Reynders and Leterme face Fortis commission
The Finance Minister and the former PM have appeared before the parliamentary committee looking into the the bank's sale.
"I never put pressure on the judiciary"
Finance Minister Didier Reynders was heard in the afternoon, followed by former PM Yves Leterme.
"I have no problem appearing before the Fortis commission," said Reynders at the hearing. In fact, he said that he was, happy to be able to defend himself. "I never put the judiciary under pressure," he Reynders.
After Reynders it was the turn of former PM Yves Leterme to be questioned.
Also, former defence minister Jo Vandeurzen was questioned by the Fortis commission.
According to Vandeurzen he was just doing his job. Possible political meddling in connection with the Fortis case did not come to light.
The commission is trying to determine what happened behind the scenes in the lead up to the sale of Fortis to BNP Paribas and what the nature was of the contacts between the government of the PM (at the time Yves Leterme) and the judiciary.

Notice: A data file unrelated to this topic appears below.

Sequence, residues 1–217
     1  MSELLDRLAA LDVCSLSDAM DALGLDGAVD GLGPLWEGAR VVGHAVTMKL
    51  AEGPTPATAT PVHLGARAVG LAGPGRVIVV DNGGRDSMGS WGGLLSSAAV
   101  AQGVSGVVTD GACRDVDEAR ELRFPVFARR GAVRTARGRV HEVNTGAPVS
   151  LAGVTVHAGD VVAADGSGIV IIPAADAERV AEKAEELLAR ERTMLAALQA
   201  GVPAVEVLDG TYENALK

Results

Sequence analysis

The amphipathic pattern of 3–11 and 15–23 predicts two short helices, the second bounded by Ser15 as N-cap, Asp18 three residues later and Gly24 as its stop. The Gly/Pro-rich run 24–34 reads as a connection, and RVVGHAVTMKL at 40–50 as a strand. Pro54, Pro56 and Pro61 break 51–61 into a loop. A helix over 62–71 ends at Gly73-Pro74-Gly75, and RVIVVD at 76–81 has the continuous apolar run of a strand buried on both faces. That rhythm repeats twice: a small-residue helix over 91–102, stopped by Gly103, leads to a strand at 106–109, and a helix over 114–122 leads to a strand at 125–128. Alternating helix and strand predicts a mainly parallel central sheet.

A parliamentary investigation commission was set up to investigate allegations of political meddling with the judiciary regarding the sale of Fortis to BNP Paribas in October. A group of disgruntled shareholders took up their grievance of not having been consulted with a court. An appeals court finally ruled in their favour and ordered the sale to be suspended, pending a vote by the shareholders. At the end of December, when allegations came to light of inappropriate contact between politicians and the judiciary and possible attempts to influence the court ruling, the prime minister at the time Yves Leterme and his justice minister Jo Vandeurzen resigned their posts.
"I never contacted magistrates"
Leterme largely repeated what he wrote earlier in a letter to Parliament.
Neither he nor his chief of staff had tried to exert influence on the process of law.
Leterme places most of the blame at the door of the office of Finance Minister Didier Reynders (Francophone Liberal).
The former Premier received clarification on three occasions, but says he did nothing with this information.
Leterme claims Mr Reynders's office was aware of the recommendation that the public prosecutor's office intended to formulate with regard to the sale of Fortis.
His account is contested by the Finance Minister.
Paul Blondeel, the presiding magistrate at the appeal court, surprised lawmakers by producing a letter in which he claimed that the contents of the public prosecutor's recommendation had been leaked.
The parliamentary commission later said that there were indications that Blondeel had violated professional confidentiality rules because he posted his letter to the general prosecutor of the Supreme Court, the Court of Cassation.